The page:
Penang's anti-hopping enactment constitutional, Federal Court rules


  • Nation
  • Wednesday, 03 Aug 2022

PUTRAJAYA: The Federal Court has ruled that Penang's anti-party hopping enactment is constitutional.

Chief Justice Tengku Maimun Tuan Mat (pic), who chaired a seven-member bench, said that Article 14A of the Penang State Constitution is consistent with Article 10(1)(c) of the Federal Constitution.

"Upon reading and considering all the cause papers and submissions, written and oral, it is our unanimous view that the answer to the sole constitutional question is in the negative.

"As such it is our judgment that Article 14A is not void as it is not inconsistent with Article 10," she said in online proceedings here on Wednesday (Aug 3).

The sole legal question that was posed to the apex court was whether Article 14A of the state constitution is void for being inconsistent with Article 10(1)(c) of the Federal Constitution.

Other judges on the bench were Federal Court judges Justices Nallini Pathmanathan, Vernon Ong Lam Kiat, Mary Lim Thiam Suan, Harmindar Singh Dhaliwal, Rhodzariah Bujang and Mohamad Zabidin Mohd Diah.

ALSO READ: Federal Court to decide on Penang's anti-hopping law

The Chief Justice further said that the state assembly was entitled to enact a law to determine its own membership qualification.

While it was correct to say that the right to form associations includes the right to dissociate, Justice Tengku Maimun said it was incorrect to find that the right of an elected representative to change political parties was part and parcel of the right of association guaranteed by Article 10(1)(c).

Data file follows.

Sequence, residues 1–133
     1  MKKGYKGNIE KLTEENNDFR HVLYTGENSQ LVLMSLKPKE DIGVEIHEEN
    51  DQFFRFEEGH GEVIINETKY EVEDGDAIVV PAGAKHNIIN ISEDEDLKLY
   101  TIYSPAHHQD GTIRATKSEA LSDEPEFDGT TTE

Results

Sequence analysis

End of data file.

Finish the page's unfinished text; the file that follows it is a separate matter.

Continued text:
"The right to be a member or to remain a member of the House or a State Assembly is not a right guaranteed by Article 10(1)(c).

"In point of fact, Article 10(1)(c) is not engaged," she said.

ALSO READ: Penang will amend state constitution to align with anti-hopping law, says CM

The apex court further stated that an elected representative's ability to change or have changed his membership of a political party, given whatever reason, did not take on the character of the personal right of a citizen to form associations, as envisioned in Article 10(1)(c).

"It is instead part and parcel of the proper functioning of Parliamentary democracy and as such, can be validly restricted and regulated by laws passed.

"In this case, by the state legislature with the view to regulating the terms for qualifications of membership in the first respondent."

Justice Tengku Maimun said it was the court's view that once an elected representative had succeeded in an electoral contest on the ticket that he sought, he had exercised his right of association by contesting on that ticket.

"Once he is in the House of the State Legislature, the nature of his association takes on a different character in that it is no longer his personal right to associate but now governed by the ticket he stands on, upon having been given the mandate by the electorate that entrusted to him that position," she said.

The Federal Court also directed the High Court to proceed to continue with and dispose of the pending proceedings before it in accordance with the judgment of the Federal Court and otherwise according to law.

On April 12, Judicial Commissioner Azizan Md Arshad allowed an application by the Penang State Legislative Assembly (PSLA) and Speaker Datuk Law Choo Kiang to refer questions to the Federal Court to hear and decide on the constitutionality of the state's anti-hopping enactment.

In 2020, four assemblymen – Zulkifli Ibrahim (Sungai Acheh), Afif Bahardin (Seberang Jaya), Khaliq Mehtab Mohd Ishaq (Bertam), and Zolkifly Md Lazim (Telok Bahang) – had filed three writs of summons against the PSLA and its Speaker to challenge a motion introduced in October 2020 for the four to vacate their seats and by-elections to be held, following their defection from the Pakatan Harapan coalition.

Article 14A of the Penang State Constitution states that an assemblyman shall vacate his seat if, having been elected as a candidate of a political party, he resigns or is expelled from a party; or, having been elected otherwise than as a candidate of a political party, he joins a political party.

Lawyers Datuk DP Naban, Rosli Dahlan, Chetan Jethwani, Siva Kumar Kanagasabai appeared for the appellants (the assemblymen).

Meanwhile lawyers Datuk Malik Imtiaz Sarwar and A. Surendra Ananth appeared for the respondents, PSLA and Law.

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